A company called Comprehensive Business Solutions, with an address on Coursey Boulevard in Baton Rouge, was created by someone named Patterson Phelps of Mandeville in March of 2010, according to corporate records filed with the Secretary of State’s office.

That date was just prior to the Livingston Parish Council’s issuing invitations to bid on a lucrative contract for cleanup.

The only problem is there is no such business at the address given and in fact, never was, and no one has been able to ascertain who Patterson Phelps is, other than speculation that it was an alias for a member of the parish council who was attempting to obtain the contract for himself.

A spokesperson for the Secretary of State said the corporate papers were filed electronically with payment made by credit card and that no records exist that would reveal who was actually responsible for creating the shell company.

The parish council did indicate it would instruct Perrilloux to conduct an investigation into the identity of the mystery person, but no results of any investigation, if it was ever conducted, have been made public.

Perrilloux, apparently fuming over Ricks’ ruling, said after the hearing that he would proceed with trial anyway and added, “Just because they wear a black robe doesn’t mean they know everything.” Legally, Perrilloux cannot proceed with a trial unless Ricks’ ruling is overturned by the First Circuit Court of Appeal or the Louisiana Supreme Court. He later said he would appeal the decision.

Brian Fairburn was Livingston Parish’s Emergency Manager and Coordinator for Homeland Security at the time Gustav struck.  His job was to hire monitors who would oversee operations to ensure FEMA reimbursement eligibility.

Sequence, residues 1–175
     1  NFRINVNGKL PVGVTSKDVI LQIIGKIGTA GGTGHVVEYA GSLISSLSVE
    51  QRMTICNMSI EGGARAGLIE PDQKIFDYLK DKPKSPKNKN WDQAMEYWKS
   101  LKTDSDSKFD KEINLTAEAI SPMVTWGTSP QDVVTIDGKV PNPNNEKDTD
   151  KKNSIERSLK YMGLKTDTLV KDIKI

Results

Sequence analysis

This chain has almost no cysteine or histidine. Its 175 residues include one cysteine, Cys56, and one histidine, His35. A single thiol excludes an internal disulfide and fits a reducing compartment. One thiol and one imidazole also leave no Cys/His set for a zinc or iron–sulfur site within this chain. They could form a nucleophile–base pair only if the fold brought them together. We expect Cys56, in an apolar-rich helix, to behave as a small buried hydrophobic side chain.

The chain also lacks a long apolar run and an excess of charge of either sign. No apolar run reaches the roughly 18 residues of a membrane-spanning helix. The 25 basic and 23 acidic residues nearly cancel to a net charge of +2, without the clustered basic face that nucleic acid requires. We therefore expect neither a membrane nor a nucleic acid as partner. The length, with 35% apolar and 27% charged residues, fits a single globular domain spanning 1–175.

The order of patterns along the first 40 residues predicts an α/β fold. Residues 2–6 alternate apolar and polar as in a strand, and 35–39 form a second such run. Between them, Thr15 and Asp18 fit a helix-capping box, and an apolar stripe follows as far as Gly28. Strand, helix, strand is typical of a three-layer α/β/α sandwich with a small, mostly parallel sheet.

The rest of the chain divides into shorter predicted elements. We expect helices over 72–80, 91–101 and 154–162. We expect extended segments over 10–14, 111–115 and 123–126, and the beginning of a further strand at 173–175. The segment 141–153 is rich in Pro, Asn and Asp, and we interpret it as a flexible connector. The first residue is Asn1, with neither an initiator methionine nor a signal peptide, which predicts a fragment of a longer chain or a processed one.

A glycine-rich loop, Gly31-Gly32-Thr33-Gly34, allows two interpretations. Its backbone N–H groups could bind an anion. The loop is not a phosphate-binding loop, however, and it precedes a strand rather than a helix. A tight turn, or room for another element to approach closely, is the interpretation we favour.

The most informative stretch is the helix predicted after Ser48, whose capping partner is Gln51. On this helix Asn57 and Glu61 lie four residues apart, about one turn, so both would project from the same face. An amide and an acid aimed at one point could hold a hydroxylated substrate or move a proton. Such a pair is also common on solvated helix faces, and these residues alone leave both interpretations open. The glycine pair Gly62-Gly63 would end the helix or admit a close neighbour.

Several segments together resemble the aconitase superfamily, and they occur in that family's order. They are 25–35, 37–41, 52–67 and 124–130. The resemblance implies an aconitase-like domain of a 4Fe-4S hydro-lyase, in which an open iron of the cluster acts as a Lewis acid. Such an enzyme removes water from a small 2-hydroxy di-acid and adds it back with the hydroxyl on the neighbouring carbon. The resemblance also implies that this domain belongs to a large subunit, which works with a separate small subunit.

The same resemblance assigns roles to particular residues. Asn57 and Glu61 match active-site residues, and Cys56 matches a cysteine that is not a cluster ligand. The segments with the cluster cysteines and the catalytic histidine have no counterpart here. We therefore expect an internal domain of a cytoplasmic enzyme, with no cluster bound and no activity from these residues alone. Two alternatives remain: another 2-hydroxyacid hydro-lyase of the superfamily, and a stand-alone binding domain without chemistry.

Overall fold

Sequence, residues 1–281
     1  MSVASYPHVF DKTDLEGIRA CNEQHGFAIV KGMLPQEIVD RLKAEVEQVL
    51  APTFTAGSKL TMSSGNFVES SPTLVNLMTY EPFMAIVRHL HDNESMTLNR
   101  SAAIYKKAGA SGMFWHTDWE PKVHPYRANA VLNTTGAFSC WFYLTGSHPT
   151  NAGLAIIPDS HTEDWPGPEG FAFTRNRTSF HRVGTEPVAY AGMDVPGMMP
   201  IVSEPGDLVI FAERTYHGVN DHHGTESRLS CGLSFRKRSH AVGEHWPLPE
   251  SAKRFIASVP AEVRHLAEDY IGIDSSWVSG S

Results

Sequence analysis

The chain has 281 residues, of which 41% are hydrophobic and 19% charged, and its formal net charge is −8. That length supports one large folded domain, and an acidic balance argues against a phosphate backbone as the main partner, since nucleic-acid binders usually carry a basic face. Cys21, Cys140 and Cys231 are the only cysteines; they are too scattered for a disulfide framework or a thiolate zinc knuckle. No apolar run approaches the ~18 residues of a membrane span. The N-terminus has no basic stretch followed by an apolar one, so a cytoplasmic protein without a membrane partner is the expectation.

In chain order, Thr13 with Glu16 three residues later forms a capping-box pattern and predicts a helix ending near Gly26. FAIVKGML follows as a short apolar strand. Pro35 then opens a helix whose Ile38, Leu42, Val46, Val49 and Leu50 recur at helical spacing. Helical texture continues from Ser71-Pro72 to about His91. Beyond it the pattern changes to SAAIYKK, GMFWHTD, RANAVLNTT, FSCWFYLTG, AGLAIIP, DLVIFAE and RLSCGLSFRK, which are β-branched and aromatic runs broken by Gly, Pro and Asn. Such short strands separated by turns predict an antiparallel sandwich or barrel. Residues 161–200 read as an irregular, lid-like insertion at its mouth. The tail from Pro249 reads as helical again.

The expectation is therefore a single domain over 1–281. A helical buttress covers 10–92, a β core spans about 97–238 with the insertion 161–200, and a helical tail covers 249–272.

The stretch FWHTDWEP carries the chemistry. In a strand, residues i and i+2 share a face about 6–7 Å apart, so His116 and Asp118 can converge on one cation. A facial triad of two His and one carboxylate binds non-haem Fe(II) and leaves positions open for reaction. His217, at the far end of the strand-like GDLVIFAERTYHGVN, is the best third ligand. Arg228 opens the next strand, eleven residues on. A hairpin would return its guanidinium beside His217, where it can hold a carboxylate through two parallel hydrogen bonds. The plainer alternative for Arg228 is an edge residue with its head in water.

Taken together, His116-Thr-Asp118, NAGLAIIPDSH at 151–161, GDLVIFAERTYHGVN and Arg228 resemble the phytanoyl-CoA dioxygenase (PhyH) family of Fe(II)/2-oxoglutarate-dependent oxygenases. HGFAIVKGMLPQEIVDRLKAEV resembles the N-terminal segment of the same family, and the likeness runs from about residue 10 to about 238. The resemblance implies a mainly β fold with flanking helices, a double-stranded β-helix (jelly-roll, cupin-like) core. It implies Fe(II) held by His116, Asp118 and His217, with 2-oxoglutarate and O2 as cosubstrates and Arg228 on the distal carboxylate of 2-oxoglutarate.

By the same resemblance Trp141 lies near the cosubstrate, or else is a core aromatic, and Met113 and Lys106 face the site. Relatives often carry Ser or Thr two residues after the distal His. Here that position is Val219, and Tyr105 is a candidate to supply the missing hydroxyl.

Fairburn testified that Mike Grimmer, then-Livingston Parish President, indicated to him that he had grave concerns regarding some of the itemized charges on the FEMA project worksheet and likely would not sign off on it.  When asked why, Fairburn indicated Grimmer told him, ‘“The costs are too high and we have permitting issues.’ (He) specifically told me we were taking kickbacks, that we were just out there creating work for these contractors to do.”  When asked whom Grimmer asserted was taking kickbacks, Fairburn responded, “Jimmy McCoy (Councilman from District 2), and he included me as being in on it also.” Fairburn added that Grimmer, “tried to ruin McCoy,” and that he “wanted to show that there was trouble, corruption, and crime in the parish.”  Fairburn also testified that he was terminated soon after the Gustav project but added that when Layton Ricks defeated Grimmer for parish president, he was rehired.

Brian Fairburn testified that during a meeting on November 26, 2008, Eddie Aydell of Alvin Fairburn and Associates (no relation to Brian) expressed serious reservations about proper permitting with the Army Corps and that Aydell was “scared” the Corps would assert that permits should have been issued before work was begun.

It was at that juncture that delaHoussaye was hired to assist with permitting issues.  Brian Fairburn said that McCoy said that the parish “would not” be obtaining any Corps permits and that Grimmer “shut the project down,” after which the Corps issued a cease and desist order on drainage projects.